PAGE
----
Rodger reflects on real estate career

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In retirement Rodger Letham browses through his real estate sales ledger, a book he has kept and added to over the last 33 years.

Rodger Letham has brought down the hammer for the final time on a rural real estate career spanning 33 years.

His first sale on December 9, 1988 earned him a commission of $516.25 and was a cottage on a half acre block at Hinds.

The sales price of $29,500 is the first entry in a register that catalogues his sales and the peaks and troughs of the rural real estate market over the last three decades.

Rodger, who is Lauriston born and raised, was forced to sell his farm in the late 1980s and after clearing his debts took a $45,000 payout from the Government.

At the age of 45 he was given the chance to reinvent himself by the late Colin McLeod of Hastings McLeod and took to real estate like a duck to water.

“I was grateful to Colin at the time because I had to do something.”

Rodger said he had enjoyed his years in the business, had made good friendships and was proud of what he had achieved.

The industry had changed and today was very corporate, had lots of rules and regulations and was more complicated than it used to be.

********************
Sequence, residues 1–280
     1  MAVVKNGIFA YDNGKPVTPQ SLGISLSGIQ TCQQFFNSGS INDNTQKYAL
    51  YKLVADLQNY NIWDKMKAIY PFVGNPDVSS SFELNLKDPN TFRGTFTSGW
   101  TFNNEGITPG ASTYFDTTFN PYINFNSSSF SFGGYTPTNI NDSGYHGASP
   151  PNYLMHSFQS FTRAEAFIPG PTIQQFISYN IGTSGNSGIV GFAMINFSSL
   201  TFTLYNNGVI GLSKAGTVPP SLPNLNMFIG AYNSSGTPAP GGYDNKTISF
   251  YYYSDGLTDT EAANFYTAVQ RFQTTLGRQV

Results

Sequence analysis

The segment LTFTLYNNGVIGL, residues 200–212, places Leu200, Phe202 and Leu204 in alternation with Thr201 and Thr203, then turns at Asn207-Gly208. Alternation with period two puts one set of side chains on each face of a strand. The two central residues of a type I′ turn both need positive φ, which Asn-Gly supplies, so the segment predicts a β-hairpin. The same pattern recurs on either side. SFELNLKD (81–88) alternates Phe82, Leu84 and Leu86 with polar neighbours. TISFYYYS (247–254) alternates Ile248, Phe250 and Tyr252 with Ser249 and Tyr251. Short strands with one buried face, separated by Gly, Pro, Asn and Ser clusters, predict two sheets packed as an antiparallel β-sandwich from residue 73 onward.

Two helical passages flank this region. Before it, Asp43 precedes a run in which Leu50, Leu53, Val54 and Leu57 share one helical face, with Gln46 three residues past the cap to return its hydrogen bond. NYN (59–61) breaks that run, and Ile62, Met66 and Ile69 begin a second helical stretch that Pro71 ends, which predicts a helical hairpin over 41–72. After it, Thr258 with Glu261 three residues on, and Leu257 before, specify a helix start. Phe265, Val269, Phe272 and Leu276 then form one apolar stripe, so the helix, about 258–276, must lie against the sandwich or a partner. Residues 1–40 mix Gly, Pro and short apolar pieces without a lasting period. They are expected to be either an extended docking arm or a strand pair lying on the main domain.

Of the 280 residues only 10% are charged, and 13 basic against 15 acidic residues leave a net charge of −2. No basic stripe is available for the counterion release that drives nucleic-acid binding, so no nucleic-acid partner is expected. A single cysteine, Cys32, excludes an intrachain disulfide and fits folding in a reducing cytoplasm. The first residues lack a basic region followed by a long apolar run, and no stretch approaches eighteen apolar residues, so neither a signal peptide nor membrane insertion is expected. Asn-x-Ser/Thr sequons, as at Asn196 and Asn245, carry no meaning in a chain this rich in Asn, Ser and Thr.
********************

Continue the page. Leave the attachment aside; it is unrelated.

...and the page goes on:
Rodger’s biggest sale was a big dairy farm at Coldstream in the 1990s, which sold for $19 million.

For close to 30 years he’s also been an auctioneer.

He brought down the hammer on the sale of Holmeslee at Rakaia for $12.1 million a number of years ago.

“I did a four day course in auctioneering and have always loved the thrill of an auction.

“Like any entertainer, I’ve always liked an audience,” he jokes.

Rodger said real estate is a simple and easy business if you do it right.

“Preparation is key and communication is very important.

“If you combine that with the right marketing and the right price, then properties will sell themselves.”

He said in recent years the rural real estate market had been heavily affected by the ups and downs of the dairy payout.

Another feature for him over the last few years has been strong customer loyalty.

“About 90 per cent of my business in recent times has come from repeat business and referrals.

“I’ve sold four farms to one customer and another for him, as an example.”

Real estate has always been a team effort, says Rodger, and he was proud to have been associated with Hastings McLeod and now Property Brokers.

It was a business that rewarded people fairly for their efforts and the work they did.

Stepping back from real estate will allow Rodger more time to spend with his wife Yvonne and support her after a recent stroke.

He will continue to carry out his council duties as an elected Western Ward councillor, a role he is thoroughly enjoying.

-By Mick Jensen